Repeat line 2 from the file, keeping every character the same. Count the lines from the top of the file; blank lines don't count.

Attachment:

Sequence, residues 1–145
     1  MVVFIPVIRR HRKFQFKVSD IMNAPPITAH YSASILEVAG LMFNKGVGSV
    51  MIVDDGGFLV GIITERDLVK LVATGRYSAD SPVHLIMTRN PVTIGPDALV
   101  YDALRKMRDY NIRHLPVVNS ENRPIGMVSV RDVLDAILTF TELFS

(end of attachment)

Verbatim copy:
     1  MVVFIPVIRR HRKFQFKVSD IMNAPPITAH YSASILEVAG LMFNKGVGSV